Three glasses of wine wasn’t normal for Sera. Hell, wine itself wasn’t her thing. She preferred a wine cooler or some other fruity mix to the full-bodied drink she’d had tonight. But she hadn’t gotten a chance to see the amulet again, and drowning her sorrows the fastest way seemed like a good idea. The wine turned out to be quite tasty, too.
After climbing into bed, Sera’s imagination ran wild in the dark. Just how old was this amulet? Would it make her famous? Who did it belong to? Why was it left behind when all the other valuables were long gone?
This research paper is going to write itself… Mom would have been so proud.
Wine-fueled sleep came quickly, but the night ahead was restless.
“Are you scared, Tavia?” Liviana asked.
As she finished lacing up the back of her older sister’s white dress, Liviana paused, her hand resting at the top, her heart filled with warmth and pride. It was a special dress, sewn with care and reserved just for that night. She and her sister had sewn it together, giggling over the needles and threads as they wondered what the night would have in store for Octavia. Neither of them had been invited to the Bacchanalia festivities before, and those who returned never spoke about it. Nor about those who didn’t return at all.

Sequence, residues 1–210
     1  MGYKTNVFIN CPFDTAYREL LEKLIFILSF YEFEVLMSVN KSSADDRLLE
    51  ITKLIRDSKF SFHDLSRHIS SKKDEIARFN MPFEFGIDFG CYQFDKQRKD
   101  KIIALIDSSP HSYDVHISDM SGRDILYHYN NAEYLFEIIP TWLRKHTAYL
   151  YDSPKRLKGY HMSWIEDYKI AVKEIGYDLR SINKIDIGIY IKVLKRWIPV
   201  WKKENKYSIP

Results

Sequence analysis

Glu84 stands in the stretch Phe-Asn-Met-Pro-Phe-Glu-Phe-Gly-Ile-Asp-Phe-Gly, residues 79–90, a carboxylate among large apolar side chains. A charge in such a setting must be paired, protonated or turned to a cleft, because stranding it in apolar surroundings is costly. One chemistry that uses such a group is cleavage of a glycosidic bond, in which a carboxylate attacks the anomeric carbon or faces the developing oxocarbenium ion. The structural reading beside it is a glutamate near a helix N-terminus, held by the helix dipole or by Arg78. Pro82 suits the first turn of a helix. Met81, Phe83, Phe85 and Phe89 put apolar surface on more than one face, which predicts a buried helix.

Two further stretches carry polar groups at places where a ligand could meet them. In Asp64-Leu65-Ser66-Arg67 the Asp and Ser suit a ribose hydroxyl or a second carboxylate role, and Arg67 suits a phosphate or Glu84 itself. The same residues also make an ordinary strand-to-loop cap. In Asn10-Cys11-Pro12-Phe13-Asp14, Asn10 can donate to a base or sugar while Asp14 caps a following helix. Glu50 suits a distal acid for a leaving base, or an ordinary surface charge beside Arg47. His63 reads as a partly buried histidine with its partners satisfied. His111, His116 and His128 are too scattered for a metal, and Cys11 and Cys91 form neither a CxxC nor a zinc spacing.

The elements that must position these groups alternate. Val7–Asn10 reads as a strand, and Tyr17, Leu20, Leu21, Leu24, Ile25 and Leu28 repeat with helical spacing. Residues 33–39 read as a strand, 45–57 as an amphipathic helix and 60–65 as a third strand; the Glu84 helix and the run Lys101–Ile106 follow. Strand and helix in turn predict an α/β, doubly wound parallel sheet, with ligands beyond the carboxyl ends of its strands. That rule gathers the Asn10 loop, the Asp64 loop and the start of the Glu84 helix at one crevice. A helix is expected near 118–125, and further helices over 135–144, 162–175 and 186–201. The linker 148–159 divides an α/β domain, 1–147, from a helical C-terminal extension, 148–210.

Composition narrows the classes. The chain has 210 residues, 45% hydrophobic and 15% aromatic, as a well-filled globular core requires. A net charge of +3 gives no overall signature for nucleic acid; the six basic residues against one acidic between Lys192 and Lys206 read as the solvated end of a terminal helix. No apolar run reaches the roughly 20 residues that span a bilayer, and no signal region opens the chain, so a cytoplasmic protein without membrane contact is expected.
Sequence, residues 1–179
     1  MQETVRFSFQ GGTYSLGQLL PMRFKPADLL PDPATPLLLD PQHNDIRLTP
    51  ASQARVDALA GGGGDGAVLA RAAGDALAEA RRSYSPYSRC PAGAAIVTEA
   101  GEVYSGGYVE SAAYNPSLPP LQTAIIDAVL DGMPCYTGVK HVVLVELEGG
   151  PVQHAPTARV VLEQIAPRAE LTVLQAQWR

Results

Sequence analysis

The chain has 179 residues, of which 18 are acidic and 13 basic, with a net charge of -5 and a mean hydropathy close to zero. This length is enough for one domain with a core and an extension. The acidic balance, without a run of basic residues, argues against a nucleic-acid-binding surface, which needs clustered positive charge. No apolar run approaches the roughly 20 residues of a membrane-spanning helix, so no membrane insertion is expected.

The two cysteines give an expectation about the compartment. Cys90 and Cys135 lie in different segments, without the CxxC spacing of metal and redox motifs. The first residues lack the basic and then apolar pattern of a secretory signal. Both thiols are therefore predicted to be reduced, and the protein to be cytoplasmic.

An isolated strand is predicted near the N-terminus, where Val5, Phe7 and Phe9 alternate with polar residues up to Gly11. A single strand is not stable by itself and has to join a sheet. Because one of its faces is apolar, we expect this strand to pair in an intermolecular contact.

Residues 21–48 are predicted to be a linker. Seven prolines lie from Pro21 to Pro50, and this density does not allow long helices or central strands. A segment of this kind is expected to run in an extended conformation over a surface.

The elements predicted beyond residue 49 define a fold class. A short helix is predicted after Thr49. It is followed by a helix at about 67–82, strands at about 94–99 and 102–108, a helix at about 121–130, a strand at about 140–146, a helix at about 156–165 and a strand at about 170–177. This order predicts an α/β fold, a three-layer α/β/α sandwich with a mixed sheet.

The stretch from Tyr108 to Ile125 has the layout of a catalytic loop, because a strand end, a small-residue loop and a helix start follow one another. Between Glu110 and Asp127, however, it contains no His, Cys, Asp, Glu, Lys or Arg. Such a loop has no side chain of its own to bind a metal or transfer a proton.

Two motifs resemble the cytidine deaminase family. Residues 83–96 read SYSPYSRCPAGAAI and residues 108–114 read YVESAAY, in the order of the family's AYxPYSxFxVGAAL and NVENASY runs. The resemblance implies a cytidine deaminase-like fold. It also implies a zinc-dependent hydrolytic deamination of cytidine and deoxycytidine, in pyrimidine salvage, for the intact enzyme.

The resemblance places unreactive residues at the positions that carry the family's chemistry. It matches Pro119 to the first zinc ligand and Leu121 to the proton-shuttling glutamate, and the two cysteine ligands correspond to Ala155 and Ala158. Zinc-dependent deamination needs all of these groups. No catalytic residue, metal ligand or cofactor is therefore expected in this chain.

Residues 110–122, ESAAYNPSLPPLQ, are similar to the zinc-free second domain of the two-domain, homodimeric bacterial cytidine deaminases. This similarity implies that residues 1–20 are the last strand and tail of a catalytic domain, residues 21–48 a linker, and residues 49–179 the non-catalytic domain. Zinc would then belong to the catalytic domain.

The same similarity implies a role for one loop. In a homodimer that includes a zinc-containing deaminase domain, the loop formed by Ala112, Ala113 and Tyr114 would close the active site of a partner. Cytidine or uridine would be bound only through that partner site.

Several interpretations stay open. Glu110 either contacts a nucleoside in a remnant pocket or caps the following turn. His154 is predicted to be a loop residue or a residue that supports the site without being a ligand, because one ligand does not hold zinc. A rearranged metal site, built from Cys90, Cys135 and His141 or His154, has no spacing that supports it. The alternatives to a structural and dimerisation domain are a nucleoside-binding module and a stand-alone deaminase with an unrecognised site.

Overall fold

“Not at all. I’m excited to finally learn what all this secretive nonsense is about.” Octavia double-checked her hair in the hand mirror, securing an errant strand back into her braid.
Liviana gasped at the disrespectful comment. “Tavia! It’s not nonsense.”
Octavia rolled her eyes. “Someday you’ll learn that adults make a big deal out of a lot of little things.” She tapped Liviana on the nose before leaving their bedroom.
Liviana followed her sister out to the open-air atrium of their villa, where they met with their parents. The lamps had already been lit as the day turned to dusk.
“It’s time, Octavia.” Father glanced out the open roof at the red sky. “Let us hope that Bacchus shows you favor.”
Wiping away her streaming tears with a handkerchief, Mother held their baby brother in the other arm.
“Come now, Agathe, this is no time for weeping.” Father’s tone held a softness despite his frown.
“I know. But may Bacchus grant us favor and let you return.” Mother tenderly touched Octavia’s face.
After kissing Mother’s hand, Octavia pulled a cloak around her own shoulders. She picked up the lantern by the door and followed Father outside, casting one last smile over her shoulder. In the distance, flickering lights from the temple sconces illuminated the hill on which the ancient building sat.